On the Shortness of Life XX

When, therefore, you see a man often wear the purple robes of office, and hear his name often repeated in the forum, do not envy him: he gains these things by losing so much of his life.

Men throw away all their years in order to have one year named after them as consul: some lose their lives during the early part of the struggle, and never reach the height to which they aspired: some after having submitted to a thousand indignities in order to reach the crowning dignity, have the miserable reflection that the only result of their labours will be the inscription on their tombstone.

Some, while telling off extreme old age, like youth, for new aspirations, have found it fail from sheer weakness amid great and presumptuous enterprises.

It is a shameful ending, when a man’s breath deserts him in a court of justice, while, although well stricken in years, he is still striving to gain the sympathies of an ignorant audience for some obscure litigant: it is base to perish in the midst of one’s business, wearied with living sooner than with working; shameful, too, to die in the act of receiving payments, amid the laughter of one’s long-expectant heir.

I cannot pass over an instance which occurs to me: Turannius was an old man of the most painstaking exactitude, who after entering upon his ninetieth year, when he had by Gr. Caesar’s own act been relieved of his duties as collector of the revenue, ordered himself to be laid out on his bed and mourned for as though he were dead.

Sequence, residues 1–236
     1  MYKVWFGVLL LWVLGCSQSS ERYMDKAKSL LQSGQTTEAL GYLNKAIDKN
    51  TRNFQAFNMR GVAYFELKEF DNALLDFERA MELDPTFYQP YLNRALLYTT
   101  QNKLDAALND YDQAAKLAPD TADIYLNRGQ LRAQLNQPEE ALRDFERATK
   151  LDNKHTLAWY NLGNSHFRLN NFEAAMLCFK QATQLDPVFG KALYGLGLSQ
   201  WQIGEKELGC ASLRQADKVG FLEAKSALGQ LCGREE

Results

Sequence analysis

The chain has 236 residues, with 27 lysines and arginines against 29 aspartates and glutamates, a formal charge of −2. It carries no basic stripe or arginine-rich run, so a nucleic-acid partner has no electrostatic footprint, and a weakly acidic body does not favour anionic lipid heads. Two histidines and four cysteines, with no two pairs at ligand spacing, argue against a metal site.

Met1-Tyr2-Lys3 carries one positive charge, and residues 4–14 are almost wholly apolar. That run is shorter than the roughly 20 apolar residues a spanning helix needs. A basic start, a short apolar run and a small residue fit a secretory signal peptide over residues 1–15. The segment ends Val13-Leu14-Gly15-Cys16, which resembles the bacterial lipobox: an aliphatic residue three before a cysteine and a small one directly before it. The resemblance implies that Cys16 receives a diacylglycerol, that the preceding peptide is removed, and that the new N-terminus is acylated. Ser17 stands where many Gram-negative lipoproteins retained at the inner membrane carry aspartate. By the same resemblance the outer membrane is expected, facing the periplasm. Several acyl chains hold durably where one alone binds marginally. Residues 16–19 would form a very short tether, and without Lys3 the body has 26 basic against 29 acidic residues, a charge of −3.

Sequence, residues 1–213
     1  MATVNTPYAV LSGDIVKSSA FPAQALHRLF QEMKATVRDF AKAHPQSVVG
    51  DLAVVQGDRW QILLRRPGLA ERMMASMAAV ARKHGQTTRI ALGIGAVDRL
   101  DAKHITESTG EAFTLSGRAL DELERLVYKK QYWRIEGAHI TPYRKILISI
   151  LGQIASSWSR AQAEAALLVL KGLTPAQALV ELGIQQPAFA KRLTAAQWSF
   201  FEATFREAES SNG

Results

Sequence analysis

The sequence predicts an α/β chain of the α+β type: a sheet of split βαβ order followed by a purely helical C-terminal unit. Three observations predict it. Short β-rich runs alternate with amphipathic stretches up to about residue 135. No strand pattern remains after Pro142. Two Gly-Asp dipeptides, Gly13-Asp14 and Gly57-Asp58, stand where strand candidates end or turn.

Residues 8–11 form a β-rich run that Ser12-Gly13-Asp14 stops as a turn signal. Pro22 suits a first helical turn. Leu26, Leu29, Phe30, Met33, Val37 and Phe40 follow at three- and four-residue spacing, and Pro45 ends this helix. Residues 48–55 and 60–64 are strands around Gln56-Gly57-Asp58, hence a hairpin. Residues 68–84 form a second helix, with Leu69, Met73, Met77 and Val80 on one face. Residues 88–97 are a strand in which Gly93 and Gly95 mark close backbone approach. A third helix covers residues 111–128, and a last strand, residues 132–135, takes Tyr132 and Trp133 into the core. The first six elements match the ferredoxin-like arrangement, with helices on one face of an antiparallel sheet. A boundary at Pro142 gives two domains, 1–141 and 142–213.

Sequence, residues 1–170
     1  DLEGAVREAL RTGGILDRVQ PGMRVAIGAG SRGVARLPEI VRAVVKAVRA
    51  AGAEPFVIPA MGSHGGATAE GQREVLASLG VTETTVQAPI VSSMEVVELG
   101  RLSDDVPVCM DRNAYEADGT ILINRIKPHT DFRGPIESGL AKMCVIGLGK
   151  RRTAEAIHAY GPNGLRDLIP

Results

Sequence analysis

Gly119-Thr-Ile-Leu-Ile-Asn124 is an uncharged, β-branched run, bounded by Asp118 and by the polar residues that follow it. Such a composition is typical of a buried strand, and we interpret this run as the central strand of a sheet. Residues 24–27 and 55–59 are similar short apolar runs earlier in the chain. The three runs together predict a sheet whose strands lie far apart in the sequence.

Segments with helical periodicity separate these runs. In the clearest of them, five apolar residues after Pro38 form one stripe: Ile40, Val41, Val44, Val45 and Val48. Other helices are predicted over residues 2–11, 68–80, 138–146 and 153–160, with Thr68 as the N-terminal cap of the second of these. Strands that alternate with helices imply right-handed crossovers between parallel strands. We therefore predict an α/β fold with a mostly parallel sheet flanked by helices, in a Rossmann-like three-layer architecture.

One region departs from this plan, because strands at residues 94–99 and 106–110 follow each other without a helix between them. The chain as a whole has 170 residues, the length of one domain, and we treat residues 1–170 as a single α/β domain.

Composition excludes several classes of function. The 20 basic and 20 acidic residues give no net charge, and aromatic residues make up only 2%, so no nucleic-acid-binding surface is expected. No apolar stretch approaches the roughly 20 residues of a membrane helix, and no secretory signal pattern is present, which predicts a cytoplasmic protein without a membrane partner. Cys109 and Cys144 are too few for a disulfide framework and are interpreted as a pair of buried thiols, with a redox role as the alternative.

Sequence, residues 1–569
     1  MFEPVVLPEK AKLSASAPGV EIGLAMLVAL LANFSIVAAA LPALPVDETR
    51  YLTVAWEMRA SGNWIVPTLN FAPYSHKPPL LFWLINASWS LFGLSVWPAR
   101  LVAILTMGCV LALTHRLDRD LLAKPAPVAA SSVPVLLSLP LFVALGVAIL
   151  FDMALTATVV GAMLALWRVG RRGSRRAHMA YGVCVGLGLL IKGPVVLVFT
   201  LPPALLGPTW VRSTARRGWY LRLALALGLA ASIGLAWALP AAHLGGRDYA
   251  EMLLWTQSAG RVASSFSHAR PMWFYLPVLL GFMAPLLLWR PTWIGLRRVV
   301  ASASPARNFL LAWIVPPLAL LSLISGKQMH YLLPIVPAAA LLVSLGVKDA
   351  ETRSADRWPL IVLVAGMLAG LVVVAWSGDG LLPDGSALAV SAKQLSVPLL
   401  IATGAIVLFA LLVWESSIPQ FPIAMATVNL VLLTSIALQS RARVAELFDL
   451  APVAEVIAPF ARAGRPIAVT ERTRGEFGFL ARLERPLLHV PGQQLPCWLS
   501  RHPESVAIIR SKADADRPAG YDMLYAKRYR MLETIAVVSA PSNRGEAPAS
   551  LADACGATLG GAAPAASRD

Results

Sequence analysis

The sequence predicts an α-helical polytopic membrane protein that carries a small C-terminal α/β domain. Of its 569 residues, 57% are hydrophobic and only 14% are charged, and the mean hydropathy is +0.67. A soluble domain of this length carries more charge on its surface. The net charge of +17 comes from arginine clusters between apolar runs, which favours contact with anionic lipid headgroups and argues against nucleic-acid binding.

The whole house mourned for the leisure of its old master, and did not lay aside its mourning until his work was restored to him.

Can men find such pleasure in dying in harness?

Yet many are of the same mind: they retain their wish for labour longer than their capacity for it, and fight against their bodily weakness; they think old age an evil for no other reason than because it lays them on the shelf.

The law does not enroll a soldier after his fiftieth year, or require a senator’s attendance after his sixtieth: but men have more difficulty in obtaining their own consent than that of the law to a life of leisure.

Meanwhile, while they are plundering and being plundered, while one is disturbing another’s repose, and all are being made wretched alike, life remains without profit, without pleasure, without any intellectual progress: no one keeps death well before his eyes, no one refrains from far-reaching hopes.

Some even arrange things which lie beyond their own lives, such as huge sepulchral buildings, the dedication of public works, and exhibitions to be given at their funeral-pyre, and ostentatious processions: but, by Hercules, the funerals of such men ought to be conducted by the light of torches and wax tapers, [83] as though they had lived but a few days.